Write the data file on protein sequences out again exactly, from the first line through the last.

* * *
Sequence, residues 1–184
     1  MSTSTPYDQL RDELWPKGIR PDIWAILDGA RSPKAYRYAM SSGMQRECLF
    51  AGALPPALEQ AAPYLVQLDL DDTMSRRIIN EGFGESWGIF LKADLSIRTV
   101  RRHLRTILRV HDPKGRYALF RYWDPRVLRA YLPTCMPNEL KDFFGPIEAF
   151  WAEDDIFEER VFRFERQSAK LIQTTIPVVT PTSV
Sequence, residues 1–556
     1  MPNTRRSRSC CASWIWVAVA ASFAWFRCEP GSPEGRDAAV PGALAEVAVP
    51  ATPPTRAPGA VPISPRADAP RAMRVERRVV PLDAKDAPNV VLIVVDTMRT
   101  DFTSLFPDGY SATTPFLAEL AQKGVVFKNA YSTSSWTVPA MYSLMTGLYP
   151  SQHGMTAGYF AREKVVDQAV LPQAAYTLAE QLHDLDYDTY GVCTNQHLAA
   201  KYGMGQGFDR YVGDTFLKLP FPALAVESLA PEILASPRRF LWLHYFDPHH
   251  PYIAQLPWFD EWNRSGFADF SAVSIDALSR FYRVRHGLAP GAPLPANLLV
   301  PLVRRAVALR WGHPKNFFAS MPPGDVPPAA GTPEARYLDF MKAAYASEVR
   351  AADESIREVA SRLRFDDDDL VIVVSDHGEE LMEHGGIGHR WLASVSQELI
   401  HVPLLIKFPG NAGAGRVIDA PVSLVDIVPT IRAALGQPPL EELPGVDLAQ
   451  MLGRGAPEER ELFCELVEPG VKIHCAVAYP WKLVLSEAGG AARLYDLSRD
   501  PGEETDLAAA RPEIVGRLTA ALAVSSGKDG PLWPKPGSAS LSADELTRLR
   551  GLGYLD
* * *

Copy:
Sequence, residues 1–184
     1  MSTSTPYDQL RDELWPKGIR PDIWAILDGA RSPKAYRYAM SSGMQRECLF
    51  AGALPPALEQ AAPYLVQLDL DDTMSRRIIN EGFGESWGIF LKADLSIRTV
   101  RRHLRTILRV HDPKGRYALF RYWDPRVLRA YLPTCMPNEL KDFFGPIEAF
   151  WAEDDIFEER VFRFERQSAK LIQTTIPVVT PTSV
Sequence, residues 1–556
     1  MPNTRRSRSC CASWIWVAVA ASFAWFRCEP GSPEGRDAAV PGALAEVAVP
    51  ATPPTRAPGA VPISPRADAP RAMRVERRVV PLDAKDAPNV VLIVVDTMRT
   101  DFTSLFPDGY SATTPFLAEL AQKGVVFKNA YSTSSWTVPA MYSLMTGLYP
   151  SQHGMTAGYF AREKVVDQAV LPQAAYTLAE QLHDLDYDTY GVCTNQHLAA
   201  KYGMGQGFDR YVGDTFLKLP FPALAVESLA PEILASPRRF LWLHYFDPHH
   251  PYIAQLPWFD EWNRSGFADF SAVSIDALSR FYRVRHGLAP GAPLPANLLV
   301  PLVRRAVALR WGHPKNFFAS MPPGDVPPAA GTPEARYLDF MKAAYASEVR
   351  AADESIREVA SRLRFDDDDL VIVVSDHGEE LMEHGGIGHR WLASVSQELI
   401  HVPLLIKFPG NAGAGRVIDA PVSLVDIVPT IRAALGQPPL EELPGVDLAQ
   451  MLGRGAPEER ELFCELVEPG VKIHCAVAYP WKLVLSEAGG AARLYDLSRD
   501  PGEETDLAAA RPEIVGRLTA ALAVSSGKDG PLWPKPGSAS LSADELTRLR
   551  GLGYLD